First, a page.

Mark Babineck's piece in the Houston Chronicle, in which he writes about the U.S. Census Bureau's report released yesterday detailing how "non-Hispanic whites appear to be pouring" out of Dallas County, has been popular amongst the local blogs today; already it's been on FrontBurner and DallasBlog, and, well, since Dallas' Only Daily doesn't seem interested in the piece, thought we'd go ahead and mention it here as well. In short, writes Babineck:
"Dallas County had lost about 120,000 whites between the 2000 Census and July 2005, according to the government's latest demographic estimates. That's slightly more than it lost for all of the 1990s.
Meanwhile, Hispanic growth is on roughly the same pace of the past decade to gain about 350,000, but the Latino share of the county's population jumped a full 6.5 points to 36.2 percent in slightly more than five years."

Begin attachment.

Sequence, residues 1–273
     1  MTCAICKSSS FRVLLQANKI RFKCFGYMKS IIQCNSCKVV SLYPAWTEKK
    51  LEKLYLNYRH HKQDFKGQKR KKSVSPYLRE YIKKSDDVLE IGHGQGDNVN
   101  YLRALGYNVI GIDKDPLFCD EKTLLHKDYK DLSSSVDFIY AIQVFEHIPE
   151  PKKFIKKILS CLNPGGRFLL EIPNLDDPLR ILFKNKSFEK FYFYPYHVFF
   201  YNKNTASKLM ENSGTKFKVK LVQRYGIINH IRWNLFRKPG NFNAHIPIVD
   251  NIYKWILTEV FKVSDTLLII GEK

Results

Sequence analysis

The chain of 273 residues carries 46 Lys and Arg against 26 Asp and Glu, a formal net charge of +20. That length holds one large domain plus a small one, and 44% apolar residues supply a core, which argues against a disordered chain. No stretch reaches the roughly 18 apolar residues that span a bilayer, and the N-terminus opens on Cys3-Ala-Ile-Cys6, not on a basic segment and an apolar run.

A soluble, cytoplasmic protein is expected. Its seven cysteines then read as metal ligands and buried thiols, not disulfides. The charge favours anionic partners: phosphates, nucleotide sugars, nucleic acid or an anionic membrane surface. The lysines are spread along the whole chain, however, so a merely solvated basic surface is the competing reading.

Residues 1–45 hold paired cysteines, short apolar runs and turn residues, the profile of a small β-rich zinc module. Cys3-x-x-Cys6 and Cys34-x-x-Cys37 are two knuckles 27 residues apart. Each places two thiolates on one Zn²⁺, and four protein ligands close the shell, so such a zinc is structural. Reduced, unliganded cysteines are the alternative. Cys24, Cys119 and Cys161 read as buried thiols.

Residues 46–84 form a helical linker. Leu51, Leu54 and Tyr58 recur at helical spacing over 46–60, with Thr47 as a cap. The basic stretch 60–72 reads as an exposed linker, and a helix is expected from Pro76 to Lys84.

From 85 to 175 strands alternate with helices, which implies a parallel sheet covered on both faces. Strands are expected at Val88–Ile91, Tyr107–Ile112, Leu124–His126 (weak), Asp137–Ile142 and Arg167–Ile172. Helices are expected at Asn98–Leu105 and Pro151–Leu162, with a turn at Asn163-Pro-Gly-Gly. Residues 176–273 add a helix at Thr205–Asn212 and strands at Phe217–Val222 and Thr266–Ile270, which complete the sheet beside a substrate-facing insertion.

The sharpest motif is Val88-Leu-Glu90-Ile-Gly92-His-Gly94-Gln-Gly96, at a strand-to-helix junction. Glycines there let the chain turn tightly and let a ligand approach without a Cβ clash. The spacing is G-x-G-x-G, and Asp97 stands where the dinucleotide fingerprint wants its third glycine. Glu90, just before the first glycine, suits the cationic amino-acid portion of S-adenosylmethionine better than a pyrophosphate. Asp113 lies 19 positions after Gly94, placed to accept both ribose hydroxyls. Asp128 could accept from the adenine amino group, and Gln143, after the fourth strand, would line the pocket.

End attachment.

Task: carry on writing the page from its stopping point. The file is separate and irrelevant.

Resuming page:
But here's a fresh link: to the raw data itself, where you can compare Dallas County's population breakdown with that of the rest of the country, or at least counties with more than a million people living in them. For instance, you might notice that Tarrant County's Hispanic population is almost a third of Dallas County's; or you might notice that Queens County in New York has 158,000 fewer non-Hispanic whites than Dallas. See, you can play all kinds of statistical games. (You can go here to see the state-by-state breakdown.) Me, I am no good at math. Just seems like a lot of people to me. --Robert Wilonsky
We Believe Local Journalism is Critical to the Life of a City
Engaging with our readers is essential to the Observer's mission. Make a financial contribution or sign up for a newsletter, and help us keep telling Dallas's stories with no paywalls.